GES Colloquium: Andy Newhouse - Transgenic American chestnuts for forest restoration
GES COLLOQUIUM: Transgenic American chestnuts for potential forest restoration: scientific successes, regulatory challenges
Andy Newhouse, PhD Student at the SUNY College of Environmental Science & Forestry
See announcement: https://mailchi.mp/a05735a4c0ee/gescolloquium4242018
April 24, 2018, 12 PM
Learn more at GES Colloquium Information: https://research.ncsu.edu/ges/events/colloquiums/#Newhouse
Abstract: The American chestnut was once an integral part of eastern US deciduous forests, with many environmental, economic, and social values. This ended with the introduction of an invasive fungal pathogen causing chestnut blight, which wiped out over three billion trees across their native range. Transgenic American chestnuts expressing a wheat gene for oxalate oxidase (OxO) successfully tolerate blight infections. The OxO enzyme breaks down oxalic acid, a toxin produced by the blight fungus, but it does not harm the fungus itself. Restoring American chestnuts to their native environments could benefit people and ecosystems, but transgenic forest trees have not been previously released or extensively studied in the US.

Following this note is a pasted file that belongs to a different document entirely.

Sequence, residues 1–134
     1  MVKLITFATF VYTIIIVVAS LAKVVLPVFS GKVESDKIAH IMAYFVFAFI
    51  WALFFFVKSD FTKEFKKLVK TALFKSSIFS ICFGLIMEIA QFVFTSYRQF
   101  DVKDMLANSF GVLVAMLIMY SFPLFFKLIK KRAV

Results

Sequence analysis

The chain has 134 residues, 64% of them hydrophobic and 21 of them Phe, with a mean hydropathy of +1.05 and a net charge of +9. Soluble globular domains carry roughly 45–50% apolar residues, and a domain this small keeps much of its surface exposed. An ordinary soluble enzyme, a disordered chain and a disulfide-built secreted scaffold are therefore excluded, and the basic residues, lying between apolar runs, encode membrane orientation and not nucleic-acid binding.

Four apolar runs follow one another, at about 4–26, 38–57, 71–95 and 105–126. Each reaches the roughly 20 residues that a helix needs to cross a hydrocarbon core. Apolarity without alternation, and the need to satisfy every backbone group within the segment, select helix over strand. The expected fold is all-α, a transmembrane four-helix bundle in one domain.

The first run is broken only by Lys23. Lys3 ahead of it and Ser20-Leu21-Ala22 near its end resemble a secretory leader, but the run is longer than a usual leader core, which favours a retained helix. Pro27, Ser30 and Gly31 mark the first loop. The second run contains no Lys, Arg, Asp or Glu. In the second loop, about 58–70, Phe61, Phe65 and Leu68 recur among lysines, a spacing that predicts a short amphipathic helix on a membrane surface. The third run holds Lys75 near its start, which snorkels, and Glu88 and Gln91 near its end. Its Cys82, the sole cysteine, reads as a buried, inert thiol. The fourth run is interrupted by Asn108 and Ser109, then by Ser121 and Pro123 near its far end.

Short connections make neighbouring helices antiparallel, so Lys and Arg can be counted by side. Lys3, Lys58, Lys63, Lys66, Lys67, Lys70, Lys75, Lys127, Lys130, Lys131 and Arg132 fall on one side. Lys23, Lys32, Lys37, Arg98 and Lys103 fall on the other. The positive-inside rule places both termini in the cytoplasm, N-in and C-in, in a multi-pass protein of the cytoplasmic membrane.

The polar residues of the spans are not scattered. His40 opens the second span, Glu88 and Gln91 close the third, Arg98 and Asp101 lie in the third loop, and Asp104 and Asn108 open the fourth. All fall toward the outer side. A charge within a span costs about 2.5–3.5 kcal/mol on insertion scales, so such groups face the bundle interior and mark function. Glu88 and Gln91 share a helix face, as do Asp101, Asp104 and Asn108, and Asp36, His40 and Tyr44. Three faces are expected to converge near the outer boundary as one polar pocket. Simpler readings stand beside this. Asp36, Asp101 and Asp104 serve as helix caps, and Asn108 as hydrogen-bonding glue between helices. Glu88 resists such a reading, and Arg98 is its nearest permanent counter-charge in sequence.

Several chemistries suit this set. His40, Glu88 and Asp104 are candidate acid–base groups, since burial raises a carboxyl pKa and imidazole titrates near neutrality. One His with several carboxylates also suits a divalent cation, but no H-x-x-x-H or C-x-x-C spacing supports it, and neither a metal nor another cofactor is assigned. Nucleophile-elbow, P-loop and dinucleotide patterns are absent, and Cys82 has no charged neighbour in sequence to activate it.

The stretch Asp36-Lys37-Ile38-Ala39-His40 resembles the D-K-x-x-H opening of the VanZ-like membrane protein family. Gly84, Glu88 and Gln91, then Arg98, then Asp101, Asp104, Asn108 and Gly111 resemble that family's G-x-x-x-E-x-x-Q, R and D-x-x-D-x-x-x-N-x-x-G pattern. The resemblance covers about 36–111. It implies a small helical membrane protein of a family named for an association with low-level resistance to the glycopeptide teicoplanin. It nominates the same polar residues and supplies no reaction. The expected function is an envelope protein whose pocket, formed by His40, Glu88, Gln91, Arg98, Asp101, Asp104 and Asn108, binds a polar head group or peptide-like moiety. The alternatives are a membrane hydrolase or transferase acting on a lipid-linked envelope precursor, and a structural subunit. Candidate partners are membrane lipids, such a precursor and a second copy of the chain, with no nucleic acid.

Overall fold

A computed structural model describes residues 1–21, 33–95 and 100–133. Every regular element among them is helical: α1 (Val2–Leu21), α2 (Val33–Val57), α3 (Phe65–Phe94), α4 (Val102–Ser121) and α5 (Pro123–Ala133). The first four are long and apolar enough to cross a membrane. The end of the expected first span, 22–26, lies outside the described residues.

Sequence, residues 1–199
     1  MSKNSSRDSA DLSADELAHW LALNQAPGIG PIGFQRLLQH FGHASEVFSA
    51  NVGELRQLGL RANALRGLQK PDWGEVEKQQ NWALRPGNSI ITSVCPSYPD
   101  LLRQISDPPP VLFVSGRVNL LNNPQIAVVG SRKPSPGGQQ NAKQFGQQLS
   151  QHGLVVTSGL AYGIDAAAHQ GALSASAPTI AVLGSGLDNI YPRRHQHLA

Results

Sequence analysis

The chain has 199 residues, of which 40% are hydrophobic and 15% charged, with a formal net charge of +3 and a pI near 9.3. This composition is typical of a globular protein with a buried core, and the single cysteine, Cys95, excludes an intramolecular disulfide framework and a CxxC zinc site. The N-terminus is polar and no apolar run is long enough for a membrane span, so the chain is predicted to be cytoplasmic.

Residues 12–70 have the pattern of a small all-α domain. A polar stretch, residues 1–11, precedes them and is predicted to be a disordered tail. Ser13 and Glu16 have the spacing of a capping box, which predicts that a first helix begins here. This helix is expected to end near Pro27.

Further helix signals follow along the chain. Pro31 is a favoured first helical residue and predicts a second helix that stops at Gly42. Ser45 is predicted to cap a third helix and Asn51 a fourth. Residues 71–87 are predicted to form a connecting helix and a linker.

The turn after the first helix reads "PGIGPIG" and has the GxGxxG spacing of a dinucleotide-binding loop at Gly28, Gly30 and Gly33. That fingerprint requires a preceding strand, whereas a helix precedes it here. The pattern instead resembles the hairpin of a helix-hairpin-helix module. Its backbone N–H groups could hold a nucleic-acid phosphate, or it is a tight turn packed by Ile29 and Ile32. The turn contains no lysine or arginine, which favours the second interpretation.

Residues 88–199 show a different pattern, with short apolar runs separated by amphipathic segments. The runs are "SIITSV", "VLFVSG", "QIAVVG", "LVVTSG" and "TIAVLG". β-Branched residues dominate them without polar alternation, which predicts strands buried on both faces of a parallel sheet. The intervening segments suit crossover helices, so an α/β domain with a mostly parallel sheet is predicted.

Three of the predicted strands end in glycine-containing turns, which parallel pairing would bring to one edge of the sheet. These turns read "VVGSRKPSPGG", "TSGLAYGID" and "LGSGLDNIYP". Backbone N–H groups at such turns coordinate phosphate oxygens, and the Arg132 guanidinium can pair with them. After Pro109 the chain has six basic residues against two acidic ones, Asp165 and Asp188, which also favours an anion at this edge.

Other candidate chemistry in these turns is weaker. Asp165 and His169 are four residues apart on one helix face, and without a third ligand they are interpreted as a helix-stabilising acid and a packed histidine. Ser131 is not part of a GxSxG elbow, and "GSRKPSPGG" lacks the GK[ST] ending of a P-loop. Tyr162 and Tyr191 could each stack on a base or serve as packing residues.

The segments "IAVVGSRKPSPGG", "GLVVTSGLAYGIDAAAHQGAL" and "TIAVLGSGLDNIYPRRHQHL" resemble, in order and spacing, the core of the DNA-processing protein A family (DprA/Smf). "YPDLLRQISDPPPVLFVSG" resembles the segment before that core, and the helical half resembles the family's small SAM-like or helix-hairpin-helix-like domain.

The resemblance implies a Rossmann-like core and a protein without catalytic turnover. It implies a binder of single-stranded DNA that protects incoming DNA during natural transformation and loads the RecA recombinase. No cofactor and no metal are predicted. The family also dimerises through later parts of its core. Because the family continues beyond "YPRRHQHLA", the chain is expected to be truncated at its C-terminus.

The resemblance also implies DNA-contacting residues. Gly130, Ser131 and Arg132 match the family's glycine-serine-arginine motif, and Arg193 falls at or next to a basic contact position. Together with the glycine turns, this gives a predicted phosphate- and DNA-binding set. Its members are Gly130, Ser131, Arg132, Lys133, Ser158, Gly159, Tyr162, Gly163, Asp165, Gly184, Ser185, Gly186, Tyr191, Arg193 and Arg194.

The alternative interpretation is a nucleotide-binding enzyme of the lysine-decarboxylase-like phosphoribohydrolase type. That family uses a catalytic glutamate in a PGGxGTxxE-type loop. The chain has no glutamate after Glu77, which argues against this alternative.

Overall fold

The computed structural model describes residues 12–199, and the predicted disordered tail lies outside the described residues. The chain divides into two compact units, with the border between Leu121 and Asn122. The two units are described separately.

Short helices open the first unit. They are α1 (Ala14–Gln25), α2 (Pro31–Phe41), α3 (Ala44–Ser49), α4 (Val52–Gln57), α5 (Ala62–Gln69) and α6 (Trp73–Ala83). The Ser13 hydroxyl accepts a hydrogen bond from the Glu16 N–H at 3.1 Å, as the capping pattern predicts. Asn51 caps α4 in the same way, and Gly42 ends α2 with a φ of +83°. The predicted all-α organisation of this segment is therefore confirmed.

Environmental interactions, federal regulatory review processes, public responses, and other considerations are largely unique for forest trees compared to the agricultural systems where genetically engineered plants have been deployed to date. In particular, regulations heretofore employed to govern plant-incorporated pesticides in annual crops present unique challenges, since this transgene product is not specifically pesticidal and the long-lived trees would be intended to outcross with wild relatives. This presentation will include natural history of chestnuts, scientific progress in creating and testing a blight-tolerant American chestnut tree, regulatory progress to date, and considerations for responsibly using genetic engineering to address environmental problems.